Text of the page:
What is “free movement of electricity”?
Just as we can travel from one country to any other, so freedom of movement for electricity would mean that power can go from wherever it is produced to wherever it is needed. However, while our travel depends on Europe’s rail, road and shipping networks, the movement of our electricity depends on the power grid.
Currently, however, the grid is not fully connected up between countries. This means that electricity produced in Spain (for example) mostly stays in Spain. In Germany there is not even complete free movement of electricity between the different regions. The grid also needs to be extended to places where power will be produced but there is no existing grid – such as in the North Sea.
Why is “free movement of electricity” so important?
At the moment, because of the insufficiently connected grid, most of our electricity is used in the same country in which it is produced. That means if demand in one area is greater than supply, electricity cannot be imported from another area and we may risk a blackout.
In a “single European market” with a fully connected European grid and free movement of electricity, the electricity would be bought and sold between different countries. This would bring electricity prices down, limit the risk of supply disruption by making better use of all Europe’s power plants, and help Europe meet its climate targets by bringing more renewables onto the system.
Why is it important to discuss this topic now?
The European Union has made progress in creating a European market in electricity (for example, by trying to end monopolies and creating rules to enable trade), but progress on the necessary grid infrastructure has been very slow.
Now the European Commission will publish draft legislation on the financing and permitting of electricity infrastructure this year. The draft will be discussed and amended by the European Parliament and Council for a few months before it becomes law. The outcome will be vital in determining if and when Europe will achieve greater freedom of movement for electricity. So it is important to make our voices heard now.
What has happened so far?
Before 1996: In many countries, one company was in charge of both producing electricity and running the electricity systems.
1996: The first EU electricity market liberalisation directive aims to gradually open the market up to competition.
2003: The second EU electricity market liberalisation directive enforces the legal separation of electricity transmission and generation.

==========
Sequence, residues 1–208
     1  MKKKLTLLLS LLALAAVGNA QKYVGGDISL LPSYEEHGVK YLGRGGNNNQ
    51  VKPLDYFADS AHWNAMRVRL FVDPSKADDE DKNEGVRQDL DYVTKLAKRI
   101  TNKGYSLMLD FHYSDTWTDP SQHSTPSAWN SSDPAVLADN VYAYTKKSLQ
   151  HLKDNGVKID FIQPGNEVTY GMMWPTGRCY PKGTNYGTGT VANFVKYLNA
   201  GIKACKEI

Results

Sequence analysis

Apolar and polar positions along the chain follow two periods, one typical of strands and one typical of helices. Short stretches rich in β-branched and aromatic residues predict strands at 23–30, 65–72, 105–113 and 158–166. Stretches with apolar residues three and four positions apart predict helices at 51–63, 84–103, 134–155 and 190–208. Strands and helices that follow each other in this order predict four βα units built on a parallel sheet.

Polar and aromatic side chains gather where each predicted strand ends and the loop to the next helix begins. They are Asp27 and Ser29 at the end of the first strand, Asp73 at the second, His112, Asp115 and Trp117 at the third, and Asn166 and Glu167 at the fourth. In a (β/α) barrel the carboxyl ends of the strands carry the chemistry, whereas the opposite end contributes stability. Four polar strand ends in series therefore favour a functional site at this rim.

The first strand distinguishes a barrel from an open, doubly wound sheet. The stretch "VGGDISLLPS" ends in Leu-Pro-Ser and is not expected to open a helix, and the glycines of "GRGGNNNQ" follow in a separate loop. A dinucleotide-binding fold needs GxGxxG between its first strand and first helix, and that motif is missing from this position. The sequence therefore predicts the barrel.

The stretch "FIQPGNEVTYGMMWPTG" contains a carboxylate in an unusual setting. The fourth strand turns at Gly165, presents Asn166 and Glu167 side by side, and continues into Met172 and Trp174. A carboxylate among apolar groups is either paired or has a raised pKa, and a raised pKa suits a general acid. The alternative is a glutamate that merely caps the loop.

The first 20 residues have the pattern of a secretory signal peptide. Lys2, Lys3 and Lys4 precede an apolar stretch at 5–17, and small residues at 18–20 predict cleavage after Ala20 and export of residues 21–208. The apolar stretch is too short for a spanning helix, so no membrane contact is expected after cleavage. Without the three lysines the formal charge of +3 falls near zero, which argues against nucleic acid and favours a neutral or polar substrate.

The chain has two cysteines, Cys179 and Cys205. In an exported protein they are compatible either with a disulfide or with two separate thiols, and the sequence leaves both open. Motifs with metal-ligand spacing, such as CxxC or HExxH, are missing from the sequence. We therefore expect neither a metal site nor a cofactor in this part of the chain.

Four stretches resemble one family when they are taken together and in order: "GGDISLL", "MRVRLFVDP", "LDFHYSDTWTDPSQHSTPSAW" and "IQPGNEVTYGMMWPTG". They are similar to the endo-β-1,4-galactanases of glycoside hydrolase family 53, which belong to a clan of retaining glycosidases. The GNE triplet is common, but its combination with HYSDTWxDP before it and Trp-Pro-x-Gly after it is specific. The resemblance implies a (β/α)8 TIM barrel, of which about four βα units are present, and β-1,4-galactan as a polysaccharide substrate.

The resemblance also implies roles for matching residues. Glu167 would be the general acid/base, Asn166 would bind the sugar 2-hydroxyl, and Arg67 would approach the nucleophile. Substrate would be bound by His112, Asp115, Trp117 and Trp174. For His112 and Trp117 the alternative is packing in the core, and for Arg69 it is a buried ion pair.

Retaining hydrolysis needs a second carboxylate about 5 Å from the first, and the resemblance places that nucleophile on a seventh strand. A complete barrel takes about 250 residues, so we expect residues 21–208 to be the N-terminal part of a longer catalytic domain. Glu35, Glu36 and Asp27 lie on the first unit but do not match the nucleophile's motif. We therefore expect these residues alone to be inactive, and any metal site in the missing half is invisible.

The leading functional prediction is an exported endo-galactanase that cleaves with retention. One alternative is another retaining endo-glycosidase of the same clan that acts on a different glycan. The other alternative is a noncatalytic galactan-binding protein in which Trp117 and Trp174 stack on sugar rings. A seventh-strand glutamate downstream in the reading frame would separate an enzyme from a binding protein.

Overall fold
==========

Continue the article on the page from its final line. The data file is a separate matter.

2006: The European Commission launches infringement proceedings against Member States which have not fully implemented the second electricity or gas directives.
2007: The European Commission publishes an inquiry concluding that consumers and businesses are losing out because of inefficient electricity markets.
2008: The European Electricity Regulatory Forum proposes a roadmap for the integration of electricity markets up to 2015.
2009: The third EU electricity market liberalisation directive gives Member States options: full or partial separation of transmission and power generation activities. It provides for the creation of a group for grid operators and energy regulators with binding deliverables and tasks.
2010: The European Commission publishes a communication on ways to move towards a European grid and enable a single electricity market.
The grid operators, ENTSO-E, publish a draft Ten Year Network Development Plan, which is a first pan-European grid plan pinpointing seven regional investment clusters for a total cost of €23bn to €28bn across Europe up to 2015.
2011: The Heads of State agree that all Member States must be fully integrated into an internal electricity market by 2014.
Upcoming: The European Commission publishes draft legislation on what needs to be done in terms of electricity infrastructure to enable a single electricity market.
• European Commission communication on energy infrastructure priorities for 2020 and beyond
• European Wind Energy Association pamphlet on grids and the single electricity market
• European Wind Energy Association technical report on power grids
• Friends of the Supergrid group
• ENTSO-E Ten Year Network Development Plan
• Agency for the Cooperation of Energy Regulators (ACER)
• European Energy at a Decisive Crossroads – a EURELECTRIC statement